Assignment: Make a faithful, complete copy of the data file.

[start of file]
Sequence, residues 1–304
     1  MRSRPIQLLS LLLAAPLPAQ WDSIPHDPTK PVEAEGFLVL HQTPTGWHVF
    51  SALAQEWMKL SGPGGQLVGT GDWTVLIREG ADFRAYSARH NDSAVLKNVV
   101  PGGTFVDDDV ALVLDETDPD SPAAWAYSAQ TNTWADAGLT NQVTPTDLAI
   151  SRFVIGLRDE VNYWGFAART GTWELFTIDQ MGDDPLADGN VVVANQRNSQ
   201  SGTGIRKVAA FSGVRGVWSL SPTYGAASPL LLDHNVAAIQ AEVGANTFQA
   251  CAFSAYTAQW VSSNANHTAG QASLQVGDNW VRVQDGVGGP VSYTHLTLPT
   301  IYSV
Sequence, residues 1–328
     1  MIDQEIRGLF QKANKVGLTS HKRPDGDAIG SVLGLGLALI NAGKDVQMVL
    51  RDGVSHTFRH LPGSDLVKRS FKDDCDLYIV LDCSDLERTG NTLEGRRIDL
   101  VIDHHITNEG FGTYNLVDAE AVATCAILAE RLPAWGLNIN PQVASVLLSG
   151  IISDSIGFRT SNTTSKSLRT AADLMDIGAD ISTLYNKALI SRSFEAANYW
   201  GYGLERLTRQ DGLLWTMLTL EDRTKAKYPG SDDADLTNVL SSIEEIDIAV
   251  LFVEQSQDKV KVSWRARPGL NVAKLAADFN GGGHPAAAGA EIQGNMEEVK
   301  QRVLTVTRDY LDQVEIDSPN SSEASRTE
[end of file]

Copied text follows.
Sequence, residues 1–304
     1  MRSRPIQLLS LLLAAPLPAQ WDSIPHDPTK PVEAEGFLVL HQTPTGWHVF
    51  SALAQEWMKL SGPGGQLVGT GDWTVLIREG ADFRAYSARH NDSAVLKNVV
   101  PGGTFVDDDV ALVLDETDPD SPAAWAYSAQ TNTWADAGLT NQVTPTDLAI
   151  SRFVIGLRDE VNYWGFAART GTWELFTIDQ MGDDPLADGN VVVANQRNSQ
   201  SGTGIRKVAA FSGVRGVWSL SPTYGAASPL LLDHNVAAIQ AEVGANTFQA
   251  CAFSAYTAQW VSSNANHTAG QASLQVGDNW VRVQDGVGGP VSYTHLTLPT
   301  IYSV
Sequence, residues 1–328
     1  MIDQEIRGLF QKANKVGLTS HKRPDGDAIG SVLGLGLALI NAGKDVQMVL
    51  RDGVSHTFRH LPGSDLVKRS FKDDCDLYIV LDCSDLERTG NTLEGRRIDL
   101  VIDHHITNEG FGTYNLVDAE AVATCAILAE RLPAWGLNIN PQVASVLLSG
   151  IISDSIGFRT SNTTSKSLRT AADLMDIGAD ISTLYNKALI SRSFEAANYW
   201  GYGLERLTRQ DGLLWTMLTL EDRTKAKYPG SDDADLTNVL SSIEEIDIAV
   251  LFVEQSQDKV KVSWRARPGL NVAKLAADFN GGGHPAAAGA EIQGNMEEVK
   301  QRVLTVTRDY LDQVEIDSPN SSEASRTE